The Munsters

American television series (1964–1966) / From Wikipedia, the free encyclopedia

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The Munsters is an American sitcom depicting the home life of a family of benign monsters. The series stars Fred Gwynne as Frankenstein's monster[Notes 1] and household head Herman Munster, Yvonne De Carlo as his vampire wife Lily,[2] Al Lewis as Grandpa the aged vampire Count Dracula,[Notes 2] Beverley Owen (later replaced by Pat Priest) as their niece Marilyn and Butch Patrick as their werewolf-like son Eddie.

Quick facts: The Munsters, Created by, Developed by, Starr...
The Munsters
Season One opening, with Yvonne De Carlo featured behind the title
Created byAllan Burns
Chris Hayward[1]
Developed byNorm Liebmann
Ed Haas
StarringFred Gwynne
Yvonne De Carlo
Al Lewis
Beverley Owen (1964)
Pat Priest (1964–66)
Butch Patrick
Theme music composerJack Marshall
Bob Mosher (unaired lyrics)
Opening theme"The Munsters' Theme"
ComposerJack Marshall
Country of originUnited States
Original languageEnglish
No. of seasons2
No. of episodes70 (list of episodes)
ProducersJoe Connelly
Bob Mosher
Production locationsUniversal Studios, Universal City, California
Camera setupSingle-camera
Running time25 minutes
Production companiesKayro-Vue Productions
Universal Television
Original networkCBS
Picture formatBlack-and-white 35mm film
Audio formatMonaural
Original releaseSeptember 24, 1964 (1964-09-24) 
May 12, 1966 (1966-05-12)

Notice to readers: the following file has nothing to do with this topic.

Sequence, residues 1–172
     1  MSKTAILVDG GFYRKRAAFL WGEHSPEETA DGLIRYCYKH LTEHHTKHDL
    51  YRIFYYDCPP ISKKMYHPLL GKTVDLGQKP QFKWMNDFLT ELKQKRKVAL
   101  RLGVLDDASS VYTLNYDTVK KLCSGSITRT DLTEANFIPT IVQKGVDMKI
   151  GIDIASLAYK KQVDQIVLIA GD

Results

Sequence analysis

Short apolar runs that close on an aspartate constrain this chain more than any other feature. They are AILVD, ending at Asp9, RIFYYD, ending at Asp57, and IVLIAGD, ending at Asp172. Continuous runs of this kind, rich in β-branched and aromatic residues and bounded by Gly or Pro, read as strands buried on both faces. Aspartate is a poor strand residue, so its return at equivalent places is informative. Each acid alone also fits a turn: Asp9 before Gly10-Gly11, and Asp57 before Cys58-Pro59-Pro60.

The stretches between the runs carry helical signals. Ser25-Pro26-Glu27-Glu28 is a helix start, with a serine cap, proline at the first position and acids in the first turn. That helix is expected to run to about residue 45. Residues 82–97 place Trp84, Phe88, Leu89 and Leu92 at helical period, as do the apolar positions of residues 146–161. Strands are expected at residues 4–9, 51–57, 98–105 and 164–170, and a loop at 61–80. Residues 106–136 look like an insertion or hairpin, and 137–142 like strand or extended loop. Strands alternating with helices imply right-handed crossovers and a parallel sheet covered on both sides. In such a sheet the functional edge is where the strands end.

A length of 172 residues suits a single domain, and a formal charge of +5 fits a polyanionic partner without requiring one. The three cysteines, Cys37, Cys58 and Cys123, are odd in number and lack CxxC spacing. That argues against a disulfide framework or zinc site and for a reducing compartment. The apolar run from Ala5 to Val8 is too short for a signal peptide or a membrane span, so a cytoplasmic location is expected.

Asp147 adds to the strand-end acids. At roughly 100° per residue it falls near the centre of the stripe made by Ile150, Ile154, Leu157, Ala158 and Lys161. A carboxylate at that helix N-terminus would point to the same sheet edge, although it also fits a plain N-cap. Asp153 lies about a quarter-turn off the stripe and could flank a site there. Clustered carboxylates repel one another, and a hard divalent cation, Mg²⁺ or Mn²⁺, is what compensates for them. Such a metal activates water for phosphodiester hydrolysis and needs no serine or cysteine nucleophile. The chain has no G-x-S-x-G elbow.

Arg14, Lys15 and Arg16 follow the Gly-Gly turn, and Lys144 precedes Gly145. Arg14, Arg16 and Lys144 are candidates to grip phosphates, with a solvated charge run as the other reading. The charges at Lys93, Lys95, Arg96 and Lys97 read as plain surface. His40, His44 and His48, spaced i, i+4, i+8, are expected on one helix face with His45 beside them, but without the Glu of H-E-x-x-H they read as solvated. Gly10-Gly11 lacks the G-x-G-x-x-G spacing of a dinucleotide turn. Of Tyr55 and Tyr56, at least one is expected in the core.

Produced by the creators of Leave It to Beaver, the series was a satire of American suburban life, the wholesome television family fare of the era and traditional monster movies.[3][4] It achieved higher Nielsen ratings than did the similarly macabre-themed The Addams Family, which aired concurrently on ABC.

In 1965, The Munsters was nominated for the Golden Globe Award for Best Television Series[5] but lost to The Rogues. In the 21st century, it received several TV Land Award nominations, including one for Most Uninsurable Driver (Herman Munster).[6]

The series originally aired on Thursdays at 7:30 p.m. on CBS from September 24, 1964 to May 12, 1966. Seventy episodes were produced. The show was canceled after ratings had dropped to a series low in the face of competition from ABC's Batman.[7] Patrick said, "I think 'Batman' was to blame. 'Batman' just came along and took our ratings away."[8] However, The Munsters found a large audience in syndication. A spinoff series ensued, as well as several films, including one with a theatrical release and several more recent attempts to reboot it.[9]